Series: Insighter #1
Published by Berkley on September 6th 2016
Genres: Paranormal/Urban Fantasy
I received this book for free from in exchange for an honest review. This does not affect my opinion of the book or the content of my review.
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Everyone has fears and doubts, but maybe there is a real reason for them. Maybe you died from a fall in your past life and now you are afraid of heights? Maybe 100 years ago your mother kept you locked in a dark closet when you were naughty, and now you are claustrophobic? Everyone has past lives and what we learned, or didn’t learn in those past lives, might just be the reason you are messing up in this one.
In order to find out what is causing your problem, you might need to see an Insighter. They will be able to see all of your lives, the good and the bad, be able to help you figure out just why you do the things you do.
Do they really help or is it just an excuse? My husband cheated on me in my past life, so it’s okay if I cheat on my husband in this life. I was a serial killer in my past life, so it’s okay that I want to do it again. I can’t help myself. It’s who I am.
Leah Nazir is the best insighter in the business, and can see who you are and more importantly, who you were before. It is her job to counsel you through the problems of your life which are cause by your past; your distant past.
While Leah might be the best insighter, the one person she hasn’t been able to help is herself. Leah knows that she has been murdered in each of her prior lives and while the methods and perpetrators have all been different, she knows that she has never lived so long in any of her prior lives so mostly she is just waiting, waiting for her murder to strike again in this life.
This is a very interesting premise for a story. Obviously you have the reincarnation aspect, and the moral dilemma of whether or not who you were controls who you are now. While some characters will lead a life almost repentant of their prior lives (a criminal in the past might now become a cop), there seem to be more people who choose to commit the same wrongs life after life. Is going to an insighter just an excuse to continue your errors or do they do more and help steer someone away from old habits?
The one unsolved debate in the series is people like Archer. When Leah looks at Archer, she can’t see his prior lives. Insighters want to look at people like this as having some type of defect which blocks the insighting. The more desired thought is that these people are reborn with a clean slate. They finally got something right in their prior life so this time around, they aren’t burdened with their past mistakes. It could also explain why Archer is like a 4-year-old hyped up on sugar after a birthday party. He is as adorable as a Golden Retriever puppy, but it is hard to take him seriously.
Although it is a great premise, the problems that I had include the fact that there were too many references to famous people from a prior life, such as Leah counseling someone who was a well-known mass-murderer from a prior life. The author explained a bit of where she got her information for these past lives in her notes before the books begins. The joke over reincarnation is always how come everyone is Cleopatra in a prior life? In fact, one of the characters in the story addresses this when her prior life she was just a nobody who lived a boring but happy life and died an old man. Nothing noteworthy. If you are doing your own world building, you can certainly make up prior big headline characters, or just make up unsolved serial killer murders. Even Leah in a past life was one of Jack the Ripper’s victims. When everyone who crosses Leah’s path has a notable past, it rings false and takes you out of the story.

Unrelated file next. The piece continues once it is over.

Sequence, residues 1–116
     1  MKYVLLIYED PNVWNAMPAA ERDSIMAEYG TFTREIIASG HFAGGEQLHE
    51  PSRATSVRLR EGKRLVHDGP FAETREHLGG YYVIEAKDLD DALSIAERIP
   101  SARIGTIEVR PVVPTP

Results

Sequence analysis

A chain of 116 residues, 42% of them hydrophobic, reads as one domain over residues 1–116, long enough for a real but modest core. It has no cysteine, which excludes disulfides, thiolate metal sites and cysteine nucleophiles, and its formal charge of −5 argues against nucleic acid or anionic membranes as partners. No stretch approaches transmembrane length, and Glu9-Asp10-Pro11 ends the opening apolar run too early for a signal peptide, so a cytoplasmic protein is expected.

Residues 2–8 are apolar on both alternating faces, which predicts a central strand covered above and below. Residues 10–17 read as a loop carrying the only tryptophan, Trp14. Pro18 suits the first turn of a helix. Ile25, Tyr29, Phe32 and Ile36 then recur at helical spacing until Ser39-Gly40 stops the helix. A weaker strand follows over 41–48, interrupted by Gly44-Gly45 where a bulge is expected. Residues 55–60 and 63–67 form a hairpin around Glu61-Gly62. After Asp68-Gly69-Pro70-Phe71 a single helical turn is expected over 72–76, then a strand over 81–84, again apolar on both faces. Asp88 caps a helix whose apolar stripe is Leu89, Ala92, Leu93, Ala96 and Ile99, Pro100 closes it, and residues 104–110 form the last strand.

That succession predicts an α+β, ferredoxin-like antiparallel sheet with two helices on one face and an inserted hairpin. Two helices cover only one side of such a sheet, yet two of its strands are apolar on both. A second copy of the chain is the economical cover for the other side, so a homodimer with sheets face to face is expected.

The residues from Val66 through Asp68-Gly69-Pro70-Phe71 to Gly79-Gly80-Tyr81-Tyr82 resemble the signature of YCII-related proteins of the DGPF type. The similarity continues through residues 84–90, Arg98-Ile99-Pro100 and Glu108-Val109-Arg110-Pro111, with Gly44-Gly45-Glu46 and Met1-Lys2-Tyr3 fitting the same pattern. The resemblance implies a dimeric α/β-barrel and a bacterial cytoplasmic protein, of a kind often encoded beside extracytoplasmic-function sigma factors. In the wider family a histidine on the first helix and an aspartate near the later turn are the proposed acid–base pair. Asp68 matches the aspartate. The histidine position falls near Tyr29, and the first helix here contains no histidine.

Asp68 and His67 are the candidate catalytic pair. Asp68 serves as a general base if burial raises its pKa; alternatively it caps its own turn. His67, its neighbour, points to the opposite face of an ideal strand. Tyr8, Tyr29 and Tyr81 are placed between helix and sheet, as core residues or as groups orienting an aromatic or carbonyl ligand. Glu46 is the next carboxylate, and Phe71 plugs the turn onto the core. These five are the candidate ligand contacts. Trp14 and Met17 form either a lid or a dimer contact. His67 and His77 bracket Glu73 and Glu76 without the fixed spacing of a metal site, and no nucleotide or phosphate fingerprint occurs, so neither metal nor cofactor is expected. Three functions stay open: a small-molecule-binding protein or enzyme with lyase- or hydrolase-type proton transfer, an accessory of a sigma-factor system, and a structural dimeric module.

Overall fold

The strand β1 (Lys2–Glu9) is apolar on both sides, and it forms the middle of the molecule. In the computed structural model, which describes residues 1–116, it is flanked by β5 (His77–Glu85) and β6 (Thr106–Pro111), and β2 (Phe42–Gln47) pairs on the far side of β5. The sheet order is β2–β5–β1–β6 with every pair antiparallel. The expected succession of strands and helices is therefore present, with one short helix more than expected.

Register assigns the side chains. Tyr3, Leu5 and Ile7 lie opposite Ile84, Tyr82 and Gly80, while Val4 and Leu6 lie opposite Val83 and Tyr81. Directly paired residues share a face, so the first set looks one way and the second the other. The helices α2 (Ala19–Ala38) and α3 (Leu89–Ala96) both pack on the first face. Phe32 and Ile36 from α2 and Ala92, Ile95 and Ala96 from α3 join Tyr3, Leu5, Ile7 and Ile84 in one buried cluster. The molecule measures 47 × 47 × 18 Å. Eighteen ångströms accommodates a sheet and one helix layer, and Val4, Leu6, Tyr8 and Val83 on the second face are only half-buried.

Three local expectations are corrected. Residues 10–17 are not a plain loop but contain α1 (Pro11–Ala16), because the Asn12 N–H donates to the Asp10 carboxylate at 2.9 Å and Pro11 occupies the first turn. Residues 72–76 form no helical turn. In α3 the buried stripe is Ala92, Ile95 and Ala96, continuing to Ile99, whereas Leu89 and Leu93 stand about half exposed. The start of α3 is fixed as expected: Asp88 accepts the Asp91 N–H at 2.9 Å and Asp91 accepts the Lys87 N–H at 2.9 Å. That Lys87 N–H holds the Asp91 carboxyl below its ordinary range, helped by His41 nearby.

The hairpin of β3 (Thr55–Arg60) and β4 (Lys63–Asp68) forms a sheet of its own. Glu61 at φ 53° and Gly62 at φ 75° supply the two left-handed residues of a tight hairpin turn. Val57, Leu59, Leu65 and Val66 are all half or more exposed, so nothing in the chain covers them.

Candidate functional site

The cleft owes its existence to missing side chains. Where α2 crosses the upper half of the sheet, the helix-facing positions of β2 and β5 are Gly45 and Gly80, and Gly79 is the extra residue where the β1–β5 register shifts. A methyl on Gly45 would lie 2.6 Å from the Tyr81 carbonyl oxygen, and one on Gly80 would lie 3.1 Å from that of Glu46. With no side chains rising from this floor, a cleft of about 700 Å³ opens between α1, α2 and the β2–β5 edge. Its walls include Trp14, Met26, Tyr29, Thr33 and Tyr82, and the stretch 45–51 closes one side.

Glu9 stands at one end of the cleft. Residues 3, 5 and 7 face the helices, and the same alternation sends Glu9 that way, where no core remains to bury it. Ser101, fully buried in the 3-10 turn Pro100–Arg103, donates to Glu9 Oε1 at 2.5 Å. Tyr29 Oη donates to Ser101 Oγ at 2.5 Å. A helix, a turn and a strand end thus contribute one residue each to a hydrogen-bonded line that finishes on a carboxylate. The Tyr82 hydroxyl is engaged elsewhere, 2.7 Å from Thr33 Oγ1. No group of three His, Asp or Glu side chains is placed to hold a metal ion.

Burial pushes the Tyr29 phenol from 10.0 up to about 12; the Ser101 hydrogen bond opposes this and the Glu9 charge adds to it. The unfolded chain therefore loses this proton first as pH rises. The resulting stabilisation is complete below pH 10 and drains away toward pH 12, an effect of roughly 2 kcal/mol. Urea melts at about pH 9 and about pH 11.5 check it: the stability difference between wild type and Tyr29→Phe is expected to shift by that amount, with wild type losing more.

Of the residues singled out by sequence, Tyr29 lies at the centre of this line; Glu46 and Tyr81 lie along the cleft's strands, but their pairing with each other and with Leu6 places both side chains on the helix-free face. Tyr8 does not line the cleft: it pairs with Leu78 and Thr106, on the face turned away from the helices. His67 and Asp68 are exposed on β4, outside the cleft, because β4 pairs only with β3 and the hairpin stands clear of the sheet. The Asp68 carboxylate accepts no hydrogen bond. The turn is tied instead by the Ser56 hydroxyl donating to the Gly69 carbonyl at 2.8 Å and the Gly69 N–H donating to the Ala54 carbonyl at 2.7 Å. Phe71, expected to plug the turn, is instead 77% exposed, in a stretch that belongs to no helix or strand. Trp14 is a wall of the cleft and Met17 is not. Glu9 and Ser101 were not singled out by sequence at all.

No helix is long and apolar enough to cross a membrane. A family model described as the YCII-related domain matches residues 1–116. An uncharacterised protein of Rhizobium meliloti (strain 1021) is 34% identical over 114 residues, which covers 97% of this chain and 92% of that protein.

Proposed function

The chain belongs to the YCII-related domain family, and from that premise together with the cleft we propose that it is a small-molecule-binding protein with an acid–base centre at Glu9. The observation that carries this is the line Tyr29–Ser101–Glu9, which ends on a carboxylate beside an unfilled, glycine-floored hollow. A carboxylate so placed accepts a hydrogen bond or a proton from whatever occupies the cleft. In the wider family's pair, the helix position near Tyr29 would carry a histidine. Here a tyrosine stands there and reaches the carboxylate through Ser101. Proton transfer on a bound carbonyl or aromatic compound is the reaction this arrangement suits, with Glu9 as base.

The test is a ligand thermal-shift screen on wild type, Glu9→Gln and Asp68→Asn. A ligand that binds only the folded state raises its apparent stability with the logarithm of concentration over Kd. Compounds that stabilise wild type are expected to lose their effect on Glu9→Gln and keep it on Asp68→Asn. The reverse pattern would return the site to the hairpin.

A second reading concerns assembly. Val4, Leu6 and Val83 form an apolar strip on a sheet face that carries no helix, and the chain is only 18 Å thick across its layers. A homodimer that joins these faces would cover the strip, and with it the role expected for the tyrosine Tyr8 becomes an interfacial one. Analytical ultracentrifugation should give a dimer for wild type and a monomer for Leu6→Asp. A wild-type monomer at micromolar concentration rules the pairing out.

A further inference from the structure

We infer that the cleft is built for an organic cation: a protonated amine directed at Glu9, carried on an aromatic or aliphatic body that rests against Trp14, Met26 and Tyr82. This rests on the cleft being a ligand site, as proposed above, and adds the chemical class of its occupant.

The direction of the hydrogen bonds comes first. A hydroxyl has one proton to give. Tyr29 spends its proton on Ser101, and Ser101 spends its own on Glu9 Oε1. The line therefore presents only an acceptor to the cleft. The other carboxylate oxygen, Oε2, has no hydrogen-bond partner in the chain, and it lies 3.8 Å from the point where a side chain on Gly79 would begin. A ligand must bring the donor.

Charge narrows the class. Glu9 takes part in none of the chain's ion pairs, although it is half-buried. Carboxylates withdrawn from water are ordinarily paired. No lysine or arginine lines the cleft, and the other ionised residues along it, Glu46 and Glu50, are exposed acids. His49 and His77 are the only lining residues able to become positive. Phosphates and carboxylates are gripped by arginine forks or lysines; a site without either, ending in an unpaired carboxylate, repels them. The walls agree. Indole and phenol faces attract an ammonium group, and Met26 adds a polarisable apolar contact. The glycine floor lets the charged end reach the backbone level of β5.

I have enjoyed listening to MaryJanice Davidson’s other Urban Fantasy series, Undead, featuring Betsy Taylor, Queen of the Vampires. This series is written in first person POV and having little side conversations with herself is part of Betsy’s shallow, flighty charm.
In Insighter, our point of view flips between Leah Nazir and Archer Drake. The flighty aside conversations work well for the character of Archer who seems to have had dozens of part-time jobs and seems to fall instantly in love with Insighter, Leah Nazir, who most people detest as a cold-hearted bitch. It gives Archer an unmedicated ADD quality. The problem is that Leah is a bit cold and clinical so her aside conversations don’t ring with fun, and the fact that both of the characters are constantly doing it is very distracting.
Archer is one of the few people who likes Leah. That is including the reader of the story on the list. Leah is very cold and clinical and that is not just a facade she shows others. First, her mother, a B-list actress, used Leah as an entertainment crutch since she was born, making her hock all types of products, and eventually making her act in shows and movies. All so she could keep her own B-list self in the limelight. When Leah was old enough to say enough, she had to sue her mother for emancipation and the money she had earned, neither of which she received. Leah is already jaded by her past (both this one and the prior ones) by the time she trained and honed her natural gift as an insighter. Now all she does is listen to people use their past errors as an excuse why they still do wrong. She hates people and has one friend who is a homeless lady who lives in the park. By the end of the story you will come to accept Leah (don’t know that you will like her) and most of that has to do with Archer and his feelings for her, and her gradual acceptance of him in her life.
This series has potential in the world building but there are some things that I think need to be cleaned up. Hopefully we will see a more humanized and less cold Leah in the next story. I would be willing to read Book 2 to see where the author takes this premise in the next story.